ME: And now that we've solved all the problems of Canadian TV who is picking up the cheque?
Friday, September 21, 2018
These are dark days for Canadian TV as viewership shrinks and other platforms compete for viewers.
And then along comes a miniseries as brilliant as Equus and just maybe I'm thinking there is a future for Canadian TV providing the highest standards are observed.
Equus will run three consecutive weeks on The Nature Of Things starting Sunday September 23 at 8 p.m. on CBC-TV. Got that?
This is a mighty impressive undertaking three years in the making and with a cast of thousands ----horses that is plus the requisite humans.
It certainly is a labor of love for Edmonton filmmaker Niobe Thompson who says at more than $1 million an episode it is one of the most expensive documentary projects in CBC's history.
Cambridge educated but with a penchant for explaining complex subjects Thompson tells me on the phone from his Edmonton base that he wanted to tell the complete story of man's best friend.
"I knew the broad outlines --some 6,000 years ago horses were domesticated and changed the course of human history. It resulted in a huge change in human civilization and this was quite rapid. "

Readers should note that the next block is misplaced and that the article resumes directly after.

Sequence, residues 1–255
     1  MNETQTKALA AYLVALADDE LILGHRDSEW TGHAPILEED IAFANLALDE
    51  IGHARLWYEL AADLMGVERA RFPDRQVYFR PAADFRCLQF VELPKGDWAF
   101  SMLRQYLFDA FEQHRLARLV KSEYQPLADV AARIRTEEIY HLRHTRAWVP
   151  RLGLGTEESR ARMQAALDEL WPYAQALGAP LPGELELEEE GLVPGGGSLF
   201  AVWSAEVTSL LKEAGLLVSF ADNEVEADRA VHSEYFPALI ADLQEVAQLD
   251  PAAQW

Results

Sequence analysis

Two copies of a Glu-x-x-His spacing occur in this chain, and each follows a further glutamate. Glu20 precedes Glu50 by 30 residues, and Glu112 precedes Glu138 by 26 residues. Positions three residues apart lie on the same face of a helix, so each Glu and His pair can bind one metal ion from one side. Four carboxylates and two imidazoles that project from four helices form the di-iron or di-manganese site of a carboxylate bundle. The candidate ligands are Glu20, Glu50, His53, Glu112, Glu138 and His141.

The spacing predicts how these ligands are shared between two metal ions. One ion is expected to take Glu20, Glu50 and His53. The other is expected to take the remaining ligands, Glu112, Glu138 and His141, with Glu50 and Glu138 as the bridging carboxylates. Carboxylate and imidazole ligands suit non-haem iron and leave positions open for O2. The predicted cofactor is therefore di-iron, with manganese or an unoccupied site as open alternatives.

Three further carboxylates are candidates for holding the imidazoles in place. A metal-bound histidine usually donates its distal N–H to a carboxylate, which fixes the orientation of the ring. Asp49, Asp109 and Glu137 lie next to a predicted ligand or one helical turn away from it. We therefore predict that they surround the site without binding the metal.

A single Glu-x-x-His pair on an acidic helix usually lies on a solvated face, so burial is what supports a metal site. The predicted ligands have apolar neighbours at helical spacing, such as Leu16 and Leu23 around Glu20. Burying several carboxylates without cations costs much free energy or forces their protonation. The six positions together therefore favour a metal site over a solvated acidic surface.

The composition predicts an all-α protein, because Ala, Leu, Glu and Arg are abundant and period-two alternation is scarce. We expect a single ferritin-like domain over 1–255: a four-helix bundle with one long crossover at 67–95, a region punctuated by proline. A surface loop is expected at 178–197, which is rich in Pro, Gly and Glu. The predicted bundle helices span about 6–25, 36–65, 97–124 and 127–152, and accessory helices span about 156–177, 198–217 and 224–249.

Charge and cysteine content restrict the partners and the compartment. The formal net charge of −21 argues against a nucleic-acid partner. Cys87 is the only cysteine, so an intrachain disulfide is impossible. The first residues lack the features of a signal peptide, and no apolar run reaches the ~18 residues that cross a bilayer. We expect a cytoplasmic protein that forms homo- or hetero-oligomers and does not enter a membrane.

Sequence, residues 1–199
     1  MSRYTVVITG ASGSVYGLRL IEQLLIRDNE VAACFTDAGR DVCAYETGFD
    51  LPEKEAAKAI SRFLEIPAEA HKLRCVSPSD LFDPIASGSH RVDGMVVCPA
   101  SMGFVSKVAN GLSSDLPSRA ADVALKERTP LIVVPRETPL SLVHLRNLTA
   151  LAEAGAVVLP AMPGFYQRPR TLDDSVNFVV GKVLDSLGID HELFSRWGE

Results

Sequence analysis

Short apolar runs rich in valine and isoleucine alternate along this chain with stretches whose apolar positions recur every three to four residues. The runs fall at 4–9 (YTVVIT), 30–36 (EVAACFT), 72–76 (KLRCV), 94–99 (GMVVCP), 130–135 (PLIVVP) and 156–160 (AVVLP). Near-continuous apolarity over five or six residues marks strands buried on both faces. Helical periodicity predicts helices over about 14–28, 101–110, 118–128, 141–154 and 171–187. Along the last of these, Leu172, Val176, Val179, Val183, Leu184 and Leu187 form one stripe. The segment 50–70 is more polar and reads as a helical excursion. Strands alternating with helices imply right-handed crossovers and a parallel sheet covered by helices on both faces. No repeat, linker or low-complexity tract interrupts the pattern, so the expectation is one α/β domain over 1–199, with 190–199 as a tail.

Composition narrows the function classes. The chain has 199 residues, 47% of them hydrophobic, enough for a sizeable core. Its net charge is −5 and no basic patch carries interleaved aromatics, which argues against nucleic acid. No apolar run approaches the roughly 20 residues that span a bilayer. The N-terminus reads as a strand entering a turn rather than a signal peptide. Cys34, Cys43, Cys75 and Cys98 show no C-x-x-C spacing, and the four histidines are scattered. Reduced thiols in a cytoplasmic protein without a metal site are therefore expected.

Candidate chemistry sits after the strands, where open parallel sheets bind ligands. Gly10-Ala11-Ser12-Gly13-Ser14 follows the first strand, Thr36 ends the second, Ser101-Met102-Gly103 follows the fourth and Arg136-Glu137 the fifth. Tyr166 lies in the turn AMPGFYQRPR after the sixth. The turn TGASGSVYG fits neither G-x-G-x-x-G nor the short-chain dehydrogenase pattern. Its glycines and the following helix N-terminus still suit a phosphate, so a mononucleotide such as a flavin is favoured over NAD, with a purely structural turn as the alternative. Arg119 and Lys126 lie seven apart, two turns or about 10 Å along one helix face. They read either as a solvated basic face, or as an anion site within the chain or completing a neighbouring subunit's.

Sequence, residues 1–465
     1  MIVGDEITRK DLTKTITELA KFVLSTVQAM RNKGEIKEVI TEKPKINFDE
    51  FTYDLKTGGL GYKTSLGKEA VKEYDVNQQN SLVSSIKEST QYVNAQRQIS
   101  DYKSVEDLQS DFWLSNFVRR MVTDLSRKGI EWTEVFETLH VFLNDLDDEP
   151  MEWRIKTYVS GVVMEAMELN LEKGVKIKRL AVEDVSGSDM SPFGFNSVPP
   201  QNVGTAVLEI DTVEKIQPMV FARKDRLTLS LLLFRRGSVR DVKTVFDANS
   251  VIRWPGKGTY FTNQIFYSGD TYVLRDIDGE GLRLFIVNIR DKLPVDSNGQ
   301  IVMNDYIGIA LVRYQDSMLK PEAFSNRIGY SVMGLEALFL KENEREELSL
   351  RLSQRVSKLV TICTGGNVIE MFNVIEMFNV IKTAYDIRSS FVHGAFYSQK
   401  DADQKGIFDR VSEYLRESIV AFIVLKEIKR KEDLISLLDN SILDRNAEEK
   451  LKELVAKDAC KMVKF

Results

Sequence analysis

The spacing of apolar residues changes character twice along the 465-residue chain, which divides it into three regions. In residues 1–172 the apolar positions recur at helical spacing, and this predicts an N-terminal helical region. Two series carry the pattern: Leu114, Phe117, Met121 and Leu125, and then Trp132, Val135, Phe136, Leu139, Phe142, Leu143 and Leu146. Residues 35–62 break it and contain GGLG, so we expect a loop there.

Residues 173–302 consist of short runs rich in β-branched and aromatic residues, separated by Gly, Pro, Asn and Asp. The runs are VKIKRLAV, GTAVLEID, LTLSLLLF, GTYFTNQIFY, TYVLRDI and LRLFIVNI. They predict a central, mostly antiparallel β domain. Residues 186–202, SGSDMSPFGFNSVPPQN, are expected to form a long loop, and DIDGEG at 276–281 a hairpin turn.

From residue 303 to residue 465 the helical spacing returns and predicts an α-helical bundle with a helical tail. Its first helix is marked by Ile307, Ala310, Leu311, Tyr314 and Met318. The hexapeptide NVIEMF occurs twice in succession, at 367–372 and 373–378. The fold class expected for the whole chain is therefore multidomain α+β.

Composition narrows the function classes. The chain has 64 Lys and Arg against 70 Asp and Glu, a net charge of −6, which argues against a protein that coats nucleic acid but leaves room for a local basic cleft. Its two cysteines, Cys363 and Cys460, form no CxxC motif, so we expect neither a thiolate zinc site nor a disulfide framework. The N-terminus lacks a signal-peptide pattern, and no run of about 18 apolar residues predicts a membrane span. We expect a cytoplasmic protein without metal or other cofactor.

So we get to visit Kazakhstan where domestication first occurred on the steppes of Asia. It's here Thompson gets to milk a horse and he says the milk tastes delicious.
But how to document all this?
"Getting the right images to fit our story was the real challenge. We're in Siberia where horses still thrive in the coldest climate of earth.
"We also go to Saudi Arabia and one of the hottest climates and we show how the Arabian horses can exist and thrive in such a hot climate."
In Siberia Thompson worked as part of a crew of three --the images he gets with the indigenous peoples are marvelous--I just think these people delighted in showing how horses continue to enrich their existence. We worked there with two cameramen and no sound man and I think we got some pretty remarkable stuff."
Thompson showcases the work of German anthropologist Martin Fisher who takes us on an animated tour of how horses evolved from tiny creatures able to climb trees to the noble animals of today.
Says Thompson "Fisher was able to show how these tiny forest dwellers evolved as the gigantic forests dwindled and gave way to savannah where the modern horses could truly thrive.